8 Agent form the Octylic 3 Agents are Dedicated Listing Agents 4 Agents are Dedicated Buyers Agents 1 Agent is a Dedicated Admin
This is a mix of new to business and seasoned agents. So if you’re looking to get started in Real Estate or you’re a high producer that needs a group of agents to help or you’re an agent that just does a few deals a year but is great with admin work we are looking for you for our next Octylic Build.
This Octylic will feed a breath as one. Everyone gets paid on every deal. So 8 averages agents turn into a regular weekly check.
We help to guide the set up of the Octylic. The Octylic determines how everyone is getting paid. We help with training, teaching, coaching, and mentoring. Your Octylic works to build a massive pipeline.
Our suggestion but is not in any way what the Octylic has to do is
all commissions that, are paid to the Octylic we suggest a break down in 10ths
1/10 to each octylic member
2/10 into marketing and or fees for the Octylic
example 1 8 agent Octylic closes 2 houses this week Commission paid to Octylic is 5,000 for a buyer closing and 4,300 for a seller closing = total paid this week to the Octylic is 9,300. Under our example each Agent would get paid 930.00 this week and the Octylic would have $1,860 to spend on Marketing or business development.
Example 2 everything is the same as above and there is no marketing or business development budget out of every pay then we would suggest splitting in 8ths that would look like 1,162.50 to each agent.
With a Octylic of 8 Agents we find that closing 8 -15 deals a month is average for an Octylic are you up for the challenge to break the record.
Are you up to the Challenge of making $100k a year or more.
Then call us today to set up a time to meet.
We will give among many things to the Octylic but most of all a Wifi Based phone for everyone to work from home or the office and have there Octylic at their finger tips.
Stop working from your Cell phone and start Running this like a business with a Business phone.
Are you looking to hire a realtor to buy or sell a home? Don’t rely on your gut to choose a professional agent. Be truthful…How many of you hire an agent because there is a sign next door or you met someone at an open house? If you are buying or selling your home it is critical to your success to be asking the right questions to interview and hire a professional agent. Here are some questions you should be asking during the interview process.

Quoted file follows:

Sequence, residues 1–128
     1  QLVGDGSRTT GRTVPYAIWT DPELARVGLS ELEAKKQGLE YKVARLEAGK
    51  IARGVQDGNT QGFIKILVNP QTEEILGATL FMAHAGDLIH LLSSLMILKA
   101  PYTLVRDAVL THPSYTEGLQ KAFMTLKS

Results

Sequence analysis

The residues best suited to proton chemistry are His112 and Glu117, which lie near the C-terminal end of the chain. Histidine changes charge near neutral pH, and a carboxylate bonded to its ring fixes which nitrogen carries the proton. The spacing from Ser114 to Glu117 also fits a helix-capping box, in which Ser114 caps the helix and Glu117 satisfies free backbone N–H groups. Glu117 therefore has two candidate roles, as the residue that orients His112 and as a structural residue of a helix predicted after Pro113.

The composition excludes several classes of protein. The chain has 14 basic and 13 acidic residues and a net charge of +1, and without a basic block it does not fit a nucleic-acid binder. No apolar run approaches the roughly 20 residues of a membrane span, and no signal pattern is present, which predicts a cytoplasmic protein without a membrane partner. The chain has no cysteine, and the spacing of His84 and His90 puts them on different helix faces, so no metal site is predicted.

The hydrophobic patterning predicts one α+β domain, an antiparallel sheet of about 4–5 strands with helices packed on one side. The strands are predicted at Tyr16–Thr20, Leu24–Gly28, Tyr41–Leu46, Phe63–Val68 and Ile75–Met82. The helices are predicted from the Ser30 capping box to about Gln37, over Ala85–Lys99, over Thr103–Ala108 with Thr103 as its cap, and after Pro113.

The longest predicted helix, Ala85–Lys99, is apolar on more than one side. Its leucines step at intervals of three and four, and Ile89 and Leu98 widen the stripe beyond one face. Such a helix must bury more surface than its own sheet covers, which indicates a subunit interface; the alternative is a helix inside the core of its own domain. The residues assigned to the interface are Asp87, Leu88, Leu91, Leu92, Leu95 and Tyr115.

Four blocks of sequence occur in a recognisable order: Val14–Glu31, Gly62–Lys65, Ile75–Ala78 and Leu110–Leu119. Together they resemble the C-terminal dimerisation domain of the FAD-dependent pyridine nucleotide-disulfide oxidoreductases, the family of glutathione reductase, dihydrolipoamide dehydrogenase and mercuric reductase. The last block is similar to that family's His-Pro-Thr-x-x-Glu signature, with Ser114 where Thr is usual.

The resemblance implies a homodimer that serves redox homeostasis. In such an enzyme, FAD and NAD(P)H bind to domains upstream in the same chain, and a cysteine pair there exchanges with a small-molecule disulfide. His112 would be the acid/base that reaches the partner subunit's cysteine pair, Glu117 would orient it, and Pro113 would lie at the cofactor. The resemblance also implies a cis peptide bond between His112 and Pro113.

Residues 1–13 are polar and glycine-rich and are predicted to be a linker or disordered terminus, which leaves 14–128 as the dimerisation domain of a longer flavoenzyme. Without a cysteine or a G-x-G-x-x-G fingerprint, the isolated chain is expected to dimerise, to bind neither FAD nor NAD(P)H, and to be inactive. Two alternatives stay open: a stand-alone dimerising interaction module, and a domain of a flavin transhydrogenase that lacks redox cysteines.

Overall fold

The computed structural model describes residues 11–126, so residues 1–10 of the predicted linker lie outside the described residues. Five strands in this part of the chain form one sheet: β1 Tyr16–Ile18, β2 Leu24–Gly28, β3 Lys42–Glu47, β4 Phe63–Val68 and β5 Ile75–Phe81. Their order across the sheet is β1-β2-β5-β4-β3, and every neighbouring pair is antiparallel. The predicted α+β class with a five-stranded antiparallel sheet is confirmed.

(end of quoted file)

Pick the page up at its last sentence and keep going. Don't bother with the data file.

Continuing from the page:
1. “Is real estate your full time job? Do you have any other jobs that you do as well? Will you be available to show homes (buyer) or show my home (seller) at a moment’s notice?”
It is very important to stay on top of the market and community happenings. Are there any big changes coming that can affect the housing market like a large company leaving the state taking jobs with it? What towns offer a wide array of activities and things to do that might attract buyers and command higher real estate prices?
Know Your Market!
In a hot market you will want to make sure you can preview homes quickly and not get out-bid by another buyer.
Availability and communication skills are very important. Your agent should be able to accommodate your needs and manage a full book of business. Will you be working with the agent you hire or an assistant? This might be important to you.
2. “How long have you been in residential real estate sales?”
Today there is continuing extensive training for realtors however there is no training like experience! Make sure your agent has been around the block and can handle objections/problems that come up with solutions on the spot the make your transaction a smooth one.
Becoming an agent is a relatively easy task – school, an exam, training and you have a license to sell! In 2014 NAR reported 87% of all new agents fail after five years in the industry and only 13% make it. Agents don’t leave the industry because they made too much money, no, they leave the industry because they didn’t make any. There are about 4% of agents that are top producers and remain in the business for long time.
3. “What other businesses experience, sales training and negotiation skills do you have? How do you stay current with new technology and real estate laws/contracts?”
The skills needed as a professional realtor require a sales, marketing, and recruiting. Having a business background and some computer experience is extremely important. If an agent has had prior sales experience, has a business plan, and knowledge of how to manage a book of business they should be successful.
Continuing Education is required for agents every two years but they should also be looking at other courses to enhance their sales and marketing skills such as: IT Solutions Sales, Dale Carnegie Sales Training, Mike Ferry Real Estate Sales, Brian Buffini Sales, and more. Don’t be afraid to ask for a resume or check out business profiles and educational backgrounds on LinkedIn.
4. SOCIAL MEDIA MARKETING: “How will you market my home to reach the most buyers and get the highest price? What is your level of technical skills and how familiar are you with social media marketing?”